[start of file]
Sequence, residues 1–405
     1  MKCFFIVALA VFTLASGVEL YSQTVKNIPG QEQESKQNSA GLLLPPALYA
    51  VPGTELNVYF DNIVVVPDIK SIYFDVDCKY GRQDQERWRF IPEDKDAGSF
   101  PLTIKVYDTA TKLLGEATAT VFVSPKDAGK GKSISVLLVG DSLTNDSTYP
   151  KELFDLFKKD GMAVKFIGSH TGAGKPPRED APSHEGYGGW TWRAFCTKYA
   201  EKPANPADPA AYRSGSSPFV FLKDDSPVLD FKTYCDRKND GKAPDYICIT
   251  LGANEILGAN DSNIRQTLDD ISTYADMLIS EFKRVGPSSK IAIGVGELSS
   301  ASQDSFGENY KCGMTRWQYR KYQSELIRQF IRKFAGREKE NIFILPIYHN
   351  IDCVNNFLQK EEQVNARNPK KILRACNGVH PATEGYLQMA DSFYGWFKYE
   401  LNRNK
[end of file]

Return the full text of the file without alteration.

Sequence, residues 1–405
     1  MKCFFIVALA VFTLASGVEL YSQTVKNIPG QEQESKQNSA GLLLPPALYA
    51  VPGTELNVYF DNIVVVPDIK SIYFDVDCKY GRQDQERWRF IPEDKDAGSF
   101  PLTIKVYDTA TKLLGEATAT VFVSPKDAGK GKSISVLLVG DSLTNDSTYP
   151  KELFDLFKKD GMAVKFIGSH TGAGKPPRED APSHEGYGGW TWRAFCTKYA
   201  EKPANPADPA AYRSGSSPFV FLKDDSPVLD FKTYCDRKND GKAPDYICIT
   251  LGANEILGAN DSNIRQTLDD ISTYADMLIS EFKRVGPSSK IAIGVGELSS
   301  ASQDSFGENY KCGMTRWQYR KYQSELIRQF IRKFAGREKE NIFILPIYHN
   351  IDCVNNFLQK EEQVNARNPK KILRACNGVH PATEGYLQMA DSFYGWFKYE
   401  LNRNK